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11 results for "wilderness"
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Rabbit Island

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Untouched island on Lake Superior to become remote artist residency

Rabbit Island is a 90 acre forested island on Lake Superior, the largest body of fresh water in the world. Last year, Rob Gorski and Andrew Ranville bought it off of Craigslist (!). Their goal: To build an Artist Residency where the only distractions are lapping waves and open sky. To that end the pair ran a Kickstarter to fund the project. With some quality gear from......read more

Nature, the Great Equalizer

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We may be broke, but we have our wilderness -- for now

With the U.S. economy experiencing its worst downturn since the Great Depression, these will go down as dark days in American history. But, argues Nicholas Kristof in an NYT op-ed this week, there is one thing we can feel good about: nature. Our national parks and forests don't contribute in GDP, but their value is immeasurable. But they need our help, now more than ever.......read more

The Unnatural Kingdom

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If Technology Helps Us Save The Wilderness, Will The Wilderness Still Be Wild?

IF you ever have the good fortune to see a Sierra Nevada bighorn sheep, the experience might go like this: On a sunny morning in Yosemite National Park, you walk through alpine meadows and then up a ridge to the summit of Mount Gibbs at 12,764 feet above sea level. You unwrap a chocolate bar amid breathtaking views of mountain and desert and then you notice movement below. Binoculars reveal......read more

The Wilderness Act's Midlife Crisis

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As we approach the legislation's 50th birthday, it's time to rethink the wild

In September 1964, Congress passed the Wilderness Act, which created a national system of protected natural areas. As environmental legislation goes, it is uncompromising. The definition of wilderness provided by the act is "an area where the earth and its community of life are untrammeled by man, where man himself is a visitor who does not remain.” But today, in the face of climate......read more

Celebrating the Great Laws of '64

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Fifty years of justice and compassion

William deBuys for TomDispatch.com: The Wilderness Act turns 50 Let us now praise famous laws and the year that begat them: 1964. The first thing to know about 1964 was that, although it occurred in the 1960s, it wasn’t part of “the Sixties.” The bellbottoms, flower power, LSD, and craziness came later, beginning about 1967 and extending into the early 1970s. Trust me: I was......read more

Out in Nature with David Boyson Cooper

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Scottish photographer escapes the city to capture candid moments in the wilderness

David Boyson Cooper comes from the Shetland Islands, off of Scotland's north coast, a place that's chalk full of majestic landscapes (think craggy mountains and snow-covered plains wrapped in clouds). Now living in Glasgow, David regularly escapes the city to wilder areas like the ones where he spent his childhood. Joining him on these forays into nature are his friends and his camera, which he......read more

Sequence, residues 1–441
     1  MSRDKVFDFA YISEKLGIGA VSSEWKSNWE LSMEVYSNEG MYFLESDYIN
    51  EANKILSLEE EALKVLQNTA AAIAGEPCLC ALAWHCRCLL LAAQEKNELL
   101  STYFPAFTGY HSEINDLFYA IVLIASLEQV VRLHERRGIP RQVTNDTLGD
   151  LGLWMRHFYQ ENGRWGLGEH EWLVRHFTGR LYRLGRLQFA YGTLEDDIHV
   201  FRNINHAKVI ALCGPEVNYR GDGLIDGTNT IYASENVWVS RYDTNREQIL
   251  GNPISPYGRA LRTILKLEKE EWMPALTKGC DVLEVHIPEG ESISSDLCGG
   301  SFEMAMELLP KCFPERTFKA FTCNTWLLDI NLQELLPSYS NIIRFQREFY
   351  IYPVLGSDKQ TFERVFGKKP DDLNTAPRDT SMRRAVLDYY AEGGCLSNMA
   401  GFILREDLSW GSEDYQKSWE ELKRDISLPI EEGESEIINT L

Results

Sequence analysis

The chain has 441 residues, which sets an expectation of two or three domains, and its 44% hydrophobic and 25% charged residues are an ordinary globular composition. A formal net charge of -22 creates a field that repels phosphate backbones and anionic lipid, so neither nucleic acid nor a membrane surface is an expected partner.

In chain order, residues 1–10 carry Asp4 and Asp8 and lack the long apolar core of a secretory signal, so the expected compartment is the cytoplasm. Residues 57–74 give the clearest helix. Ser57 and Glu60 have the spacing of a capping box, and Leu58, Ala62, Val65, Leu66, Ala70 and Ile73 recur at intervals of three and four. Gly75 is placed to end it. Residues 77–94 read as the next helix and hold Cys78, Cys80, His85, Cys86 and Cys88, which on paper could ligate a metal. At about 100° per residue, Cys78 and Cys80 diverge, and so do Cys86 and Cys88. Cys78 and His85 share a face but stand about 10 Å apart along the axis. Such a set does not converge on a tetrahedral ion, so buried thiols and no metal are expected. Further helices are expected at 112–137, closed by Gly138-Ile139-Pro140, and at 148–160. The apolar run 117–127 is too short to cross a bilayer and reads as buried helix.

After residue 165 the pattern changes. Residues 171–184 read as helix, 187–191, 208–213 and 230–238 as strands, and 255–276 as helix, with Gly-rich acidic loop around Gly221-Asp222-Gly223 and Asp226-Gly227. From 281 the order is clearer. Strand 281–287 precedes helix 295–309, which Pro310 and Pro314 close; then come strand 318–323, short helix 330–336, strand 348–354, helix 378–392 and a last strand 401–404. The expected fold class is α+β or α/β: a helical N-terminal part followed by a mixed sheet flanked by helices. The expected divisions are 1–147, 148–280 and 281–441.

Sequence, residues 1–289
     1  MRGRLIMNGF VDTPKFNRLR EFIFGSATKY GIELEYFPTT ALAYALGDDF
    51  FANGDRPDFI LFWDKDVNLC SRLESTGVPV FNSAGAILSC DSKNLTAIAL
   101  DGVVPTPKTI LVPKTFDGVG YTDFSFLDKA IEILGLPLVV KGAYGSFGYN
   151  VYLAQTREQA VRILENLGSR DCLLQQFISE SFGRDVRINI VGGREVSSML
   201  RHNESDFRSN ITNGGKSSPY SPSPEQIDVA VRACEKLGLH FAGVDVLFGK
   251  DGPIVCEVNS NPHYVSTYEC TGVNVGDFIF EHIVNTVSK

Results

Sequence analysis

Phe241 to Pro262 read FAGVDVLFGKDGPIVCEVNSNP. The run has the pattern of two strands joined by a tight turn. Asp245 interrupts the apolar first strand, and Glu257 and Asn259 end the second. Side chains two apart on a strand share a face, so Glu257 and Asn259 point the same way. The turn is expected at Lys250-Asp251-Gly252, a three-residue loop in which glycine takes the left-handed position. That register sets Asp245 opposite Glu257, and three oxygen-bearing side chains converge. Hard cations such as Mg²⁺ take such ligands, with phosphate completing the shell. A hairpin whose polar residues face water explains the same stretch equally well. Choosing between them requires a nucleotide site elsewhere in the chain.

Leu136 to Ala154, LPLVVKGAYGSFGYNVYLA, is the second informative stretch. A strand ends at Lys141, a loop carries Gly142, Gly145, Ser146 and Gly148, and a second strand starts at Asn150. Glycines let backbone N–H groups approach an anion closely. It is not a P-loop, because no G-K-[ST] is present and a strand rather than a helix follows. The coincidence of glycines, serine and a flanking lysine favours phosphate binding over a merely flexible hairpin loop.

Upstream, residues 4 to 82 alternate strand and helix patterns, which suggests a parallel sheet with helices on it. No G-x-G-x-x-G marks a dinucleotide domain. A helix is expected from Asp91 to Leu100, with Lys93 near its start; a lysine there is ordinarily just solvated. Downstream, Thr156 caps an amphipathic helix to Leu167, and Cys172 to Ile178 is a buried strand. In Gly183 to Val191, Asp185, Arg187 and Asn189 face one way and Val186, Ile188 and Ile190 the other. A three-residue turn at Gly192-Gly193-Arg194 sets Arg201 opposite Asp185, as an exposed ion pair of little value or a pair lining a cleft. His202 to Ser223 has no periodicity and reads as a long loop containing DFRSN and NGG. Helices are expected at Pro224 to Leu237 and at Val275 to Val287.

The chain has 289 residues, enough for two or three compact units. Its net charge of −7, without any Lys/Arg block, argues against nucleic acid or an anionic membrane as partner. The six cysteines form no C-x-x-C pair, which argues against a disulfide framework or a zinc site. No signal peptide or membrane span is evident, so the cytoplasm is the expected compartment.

Robert Glenn Ketchum: Southwest Alaska

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Threatened wilderness photographed by world-renowned conservationist

For 40-odd years, Robert Glenn Ketchum has lent his considerable photographic talents to the cause of environmental conservation in America.  From California’s Big Sur coastline to the Hudson River Valley, Ohio’s Cuyahoga River Valley to Laguna San Ignacio in Baja California, Ketchum's images of threatened landscapes cover every corner of the country. He is a Founding Fellow of......read more

Mark Wickens Snaps Sweet Wilderness Pics

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Photos shot in NorCal convey the ethereal beauty of the outdoors.

Born in London, England, Mark Wickens lived in New York and New Orleans before settling to San Francisco, where he currently spends his days working as an architect. On the weekend, when he feels inspired, he packs up his camera and heads for the Great Outdoors to shoot photos.  "Usually, I’ll head out into the wilderness and see how things develop," he says. "Here in Northern......read more

Maine Island Wilderness Retreat

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Off the grid, in style.

This 550 square-foot cabin sits on a tiny parcel of land on a remote Maine island. Designed by Alex Scott Porter, the getaway is entirely off-the-grid. In the architect's words: This three-season retreat house is situated on the outermost inhabited island in Maine. The island has no roads, stores, electricity, water service, year-round inhabitants or ferry service – no grid. The house ......read more

Down to Earth

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Stone Creek Camp by Andersson Wise Architects: A green-roofed getaway in the Montana wilderness.

Long before sustainable design hit the mainstream, Austin-based architects Andersson Wise earned a reputation for creating low footprint buildings that borrow design cues — and materials — from the sites on which they're built. Stone Creek Camp, a rustic wilderness retreat on the picturesque shores of Montana's Flathead Lake, is a case in point. The central building on the property,......read more

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